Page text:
According to Cushman & Wakefield, companies are avoiding long-term leases. CBD office properties also are facing competition from oversupply in the suburban markets. Tenants were aggressively asking for improvement allowances and free rent as incentives to sign. One notable sales transaction occurred in the CBD in Q2 2021 as a 140,000-square-foot office property in the West of Broad submarket was purchased for $8.75 million.
Focus: Financial services
Manhattan, home to Wall Street, is the nation’s financial-services center. More than 90% of the state’s jobs in securities, commodities and other investments are located in downtown New York City. Much of the remainder of New York’s financial-services positions are based in the nearby Long Island and Hudson Valley areas. There are a total of 330,000 financial-services workers in the state of New York.
The business- and financial-services sector also accounts for roughly 17% of Philadelphia’s workforce, totaling nearly 112,000 jobs as of 2016 (the most recent available data). This employment sector rebounded well following the Great Recession, adding about 1,500 jobs in Philadelphia each year from 2013 through 2016, or 1.4% annual growth.
In New Jersey, meanwhile, the financial-services and insurance sector is a $33 billion industry that employs some 220,000 people. Four of the world’s top 100 fintech companies are based in the Garden State.
What the locals say
“We did see a peak [in New York City] before COVID, and it is hard to predict when we will get back there. But what I don’t see happening is a forever decline. I don’t think it’s like New York or other cities are on their way out and never coming back. There will be new reasons that people will want to be in the city. People want to live here. We did see a dip in rent pricing, whether it’s commercial or multifamily, but it is already starting to go back up. People are seeing New York’s investment potential. Eventually, we’ll get back to where it was pre-COVID. That’s my guess.”
Hard Money Bankers
3 Cities to Watch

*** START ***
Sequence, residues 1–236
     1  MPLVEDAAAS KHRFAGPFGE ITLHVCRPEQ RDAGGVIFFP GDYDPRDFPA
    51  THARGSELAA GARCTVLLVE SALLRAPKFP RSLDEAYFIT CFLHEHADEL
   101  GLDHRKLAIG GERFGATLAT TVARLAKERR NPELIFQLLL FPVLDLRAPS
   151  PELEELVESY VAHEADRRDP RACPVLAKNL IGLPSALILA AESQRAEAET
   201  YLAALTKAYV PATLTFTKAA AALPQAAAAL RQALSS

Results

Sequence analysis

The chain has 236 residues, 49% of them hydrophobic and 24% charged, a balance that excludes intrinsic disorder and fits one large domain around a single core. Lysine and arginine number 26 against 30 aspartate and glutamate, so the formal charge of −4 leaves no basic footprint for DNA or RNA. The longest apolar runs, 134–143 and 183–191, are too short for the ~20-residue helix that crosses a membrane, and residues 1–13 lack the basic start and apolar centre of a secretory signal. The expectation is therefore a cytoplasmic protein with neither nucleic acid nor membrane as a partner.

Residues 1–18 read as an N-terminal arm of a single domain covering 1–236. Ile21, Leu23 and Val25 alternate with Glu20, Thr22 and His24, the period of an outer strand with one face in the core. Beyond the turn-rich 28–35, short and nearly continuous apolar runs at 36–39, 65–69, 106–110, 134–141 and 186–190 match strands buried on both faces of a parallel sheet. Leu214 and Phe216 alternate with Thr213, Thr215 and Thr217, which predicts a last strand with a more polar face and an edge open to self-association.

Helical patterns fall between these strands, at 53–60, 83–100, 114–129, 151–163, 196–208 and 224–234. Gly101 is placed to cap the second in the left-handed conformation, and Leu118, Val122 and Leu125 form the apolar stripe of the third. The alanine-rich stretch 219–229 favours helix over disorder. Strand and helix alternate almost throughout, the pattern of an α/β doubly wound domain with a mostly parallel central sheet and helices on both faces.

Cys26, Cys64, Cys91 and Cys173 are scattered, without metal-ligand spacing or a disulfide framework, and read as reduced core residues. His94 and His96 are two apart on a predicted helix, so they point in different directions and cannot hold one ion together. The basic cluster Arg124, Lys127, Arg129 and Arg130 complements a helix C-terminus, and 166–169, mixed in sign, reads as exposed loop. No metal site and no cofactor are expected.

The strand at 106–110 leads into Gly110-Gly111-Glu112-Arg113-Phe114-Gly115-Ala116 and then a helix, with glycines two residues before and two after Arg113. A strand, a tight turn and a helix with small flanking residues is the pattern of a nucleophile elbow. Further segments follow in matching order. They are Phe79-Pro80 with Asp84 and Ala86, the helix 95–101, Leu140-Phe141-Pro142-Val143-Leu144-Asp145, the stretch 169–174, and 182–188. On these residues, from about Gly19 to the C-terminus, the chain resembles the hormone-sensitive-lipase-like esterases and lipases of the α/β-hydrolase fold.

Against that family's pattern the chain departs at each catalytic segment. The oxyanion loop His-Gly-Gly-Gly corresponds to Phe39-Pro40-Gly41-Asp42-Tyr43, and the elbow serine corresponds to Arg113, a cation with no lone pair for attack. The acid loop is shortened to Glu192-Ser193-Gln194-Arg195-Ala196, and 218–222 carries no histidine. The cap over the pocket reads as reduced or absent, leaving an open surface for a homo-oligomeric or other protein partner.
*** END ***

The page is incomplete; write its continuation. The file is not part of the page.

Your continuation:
The second-largest city in New York, Buffalo has seen decades of flat or negative growth. Buffalo’s 2021 population of 886,000 was actually less than it was in 1950 (899,000). A turnaround in the city’s fortunes is projected to spur growth and a string of population gains beginning in 2024. Several commercial projects were in the planning or construction stages at the start of this year, including renovation of the 38-story Seneca One tower.
Newark was founded on land settled in 1666 by Puritans from Connecticut. The city is New Jersey’s largest with 282,000 residents and sits in the shadow of Manhattan’s towering skyscrapers across the Hudson River. Despite revitalization efforts, Newark has long had a problem with violent crime, and the poverty rate stood at 27.4% in 2019. In March 2021, however, a newly formed land bank in the city began accepting bids and redevelopment proposals on about 100 vacant lots as part of a citywide renewal effort.
Ranked as the third-largest city in Pennsylvania with a population of 121,000, Allentown anchors the Lehigh Valley, the state’s fastest-growing region from 2010 to 2020. The city has seen a complete redevelopment of its downtown, spurred by state and local tax incentives through a so-called Neighborhood Improvement Zone. There has been more than $1 billion in new development since 2009, including an 8,500-seat hockey arena that hosts the Philadelphia Flyers’ farm team.
Sources: American Enterprise Institute; Britannica.com; CBRE; Choose New Jersey; Cushman & Wakefield; Economy League of Greater Philadelphia; Federal Reserve Bank of Philadelphia; Forbes; Investopedia; National Low Income Housing Coalition; Next City; NEXTpittsburgh; New York Bureau of Labor Market Information; State and Metropolitan Area Data Book; STR; The Buffalo News; U.S. Bureau of Economic Analysis; U.S. Bureau of Labor Statistics; U.S. Census Bureau; World Atlas; Yardi Matrix